What do VVT Solenoids (Oil Control Valves) and Sprockets (Actuators or Phasers) do? The VVT Solenoid meters the oil flow to control the actuation of the VVT Sprocket. The VVT Sprocket mechanically shifts the position of the camshaft. This mechanical shifting (or phasing) of the camshaft affects the efficiency of the engine in order to produce more power in certain situations, while minimizing emissions in others. While diagnosing system faults, it is important to check the oil level, the oil condition, and the oil pressure. Many systems are oil driven and a low oil level can cause them to be starved for oil. Be sure to verify oil pressure when dealing with VVT faults. If an oil specification is not found in service information, most VVT systems require at least 25 psi at hot idle for proper operation.
The VVT Solenoids (Oil Control Valves) are generally located on and/or around the cylinder head. The typical wiring for an oil control solenoid is battery voltage power supply and the control circuit. The actuated position is varied based on the PCM commands to advance or retard the engine’s valve timing. It is always recommended to refer to service information for the specific vehicle you are working on.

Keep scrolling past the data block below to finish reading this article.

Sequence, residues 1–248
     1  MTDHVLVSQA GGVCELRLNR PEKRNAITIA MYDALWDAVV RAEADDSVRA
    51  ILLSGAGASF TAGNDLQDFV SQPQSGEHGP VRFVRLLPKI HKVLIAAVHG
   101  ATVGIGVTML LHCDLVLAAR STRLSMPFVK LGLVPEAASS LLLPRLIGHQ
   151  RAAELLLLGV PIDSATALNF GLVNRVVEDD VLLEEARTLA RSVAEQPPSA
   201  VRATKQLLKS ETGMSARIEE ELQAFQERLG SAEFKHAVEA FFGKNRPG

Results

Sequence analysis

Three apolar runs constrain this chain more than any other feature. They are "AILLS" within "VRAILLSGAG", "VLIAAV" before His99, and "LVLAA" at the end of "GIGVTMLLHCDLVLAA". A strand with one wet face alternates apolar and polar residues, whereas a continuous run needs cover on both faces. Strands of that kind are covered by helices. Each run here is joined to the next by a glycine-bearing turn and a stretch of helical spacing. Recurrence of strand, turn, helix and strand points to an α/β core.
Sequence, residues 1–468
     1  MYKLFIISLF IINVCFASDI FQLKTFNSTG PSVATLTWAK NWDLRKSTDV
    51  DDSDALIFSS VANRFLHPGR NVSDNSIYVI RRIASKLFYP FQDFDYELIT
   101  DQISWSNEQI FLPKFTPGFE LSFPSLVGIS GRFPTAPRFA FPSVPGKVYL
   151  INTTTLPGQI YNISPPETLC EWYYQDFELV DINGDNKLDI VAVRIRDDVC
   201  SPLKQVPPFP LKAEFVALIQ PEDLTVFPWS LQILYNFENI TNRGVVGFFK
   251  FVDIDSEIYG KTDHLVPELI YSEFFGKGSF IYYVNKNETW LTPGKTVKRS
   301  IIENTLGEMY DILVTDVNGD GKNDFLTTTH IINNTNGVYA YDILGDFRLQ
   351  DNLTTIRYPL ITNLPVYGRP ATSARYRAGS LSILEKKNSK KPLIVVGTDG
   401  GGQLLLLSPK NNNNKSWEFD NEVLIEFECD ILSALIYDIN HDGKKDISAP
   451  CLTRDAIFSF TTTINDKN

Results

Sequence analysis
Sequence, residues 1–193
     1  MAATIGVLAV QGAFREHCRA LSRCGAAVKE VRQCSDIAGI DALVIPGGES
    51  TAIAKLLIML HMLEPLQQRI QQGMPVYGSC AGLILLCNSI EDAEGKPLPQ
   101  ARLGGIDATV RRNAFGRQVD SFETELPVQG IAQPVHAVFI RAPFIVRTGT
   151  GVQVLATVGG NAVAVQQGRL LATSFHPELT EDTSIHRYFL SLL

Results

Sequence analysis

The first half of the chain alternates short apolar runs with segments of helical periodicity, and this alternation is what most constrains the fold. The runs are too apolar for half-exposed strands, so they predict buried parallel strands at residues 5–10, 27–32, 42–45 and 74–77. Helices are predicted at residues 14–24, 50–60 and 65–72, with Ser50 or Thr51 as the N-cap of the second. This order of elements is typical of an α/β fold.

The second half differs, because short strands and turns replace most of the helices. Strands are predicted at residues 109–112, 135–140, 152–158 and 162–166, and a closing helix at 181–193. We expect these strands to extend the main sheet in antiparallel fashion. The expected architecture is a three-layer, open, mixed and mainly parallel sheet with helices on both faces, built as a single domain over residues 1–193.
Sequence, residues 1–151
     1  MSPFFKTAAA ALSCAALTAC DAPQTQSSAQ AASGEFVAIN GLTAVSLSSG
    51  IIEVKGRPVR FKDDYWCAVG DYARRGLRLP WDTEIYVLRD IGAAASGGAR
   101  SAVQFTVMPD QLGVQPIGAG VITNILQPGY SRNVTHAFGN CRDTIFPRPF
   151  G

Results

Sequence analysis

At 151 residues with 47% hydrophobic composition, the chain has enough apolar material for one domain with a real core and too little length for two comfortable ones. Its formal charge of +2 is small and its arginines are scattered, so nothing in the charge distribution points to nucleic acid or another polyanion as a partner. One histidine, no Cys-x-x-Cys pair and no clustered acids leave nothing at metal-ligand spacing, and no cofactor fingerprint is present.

Power Tip - Common Causes of Failures
The VVT Sprockets are located on the camshaft(s). At the appropriate time, the ECM will send a duty cycle command (between 0-100%) to the solenoid which will cause the spool valve inside the solenoid to move. Oil will then be directed to the actuators (sprockets) causing camshaft phasing. The computer monitors this movement based on input from the cam and crank sensors. This can be viewed in many vehicles using scan tool data. Desired movement by the computer should be matched closely by actual movement of the actuator.
Power Tip - The ECM can command the actuator to any position desired. Once the cam is phased at the commanded angle, the ECM will send a new duty cycle command to the solenoid that will position the spool valve such that the same amount of oil pressure will be present in both the actuators advance and retard cavities. While the duty cycle for the hold command may vary between 35% and 55%, it should hold fairly steady.
Power Tip – When replacing a solenoid or sprocket it is recommended that if equipped with multiple solenoids or sprockets they also be replaced to prevent comebacks. An oil and filter change should also be performed.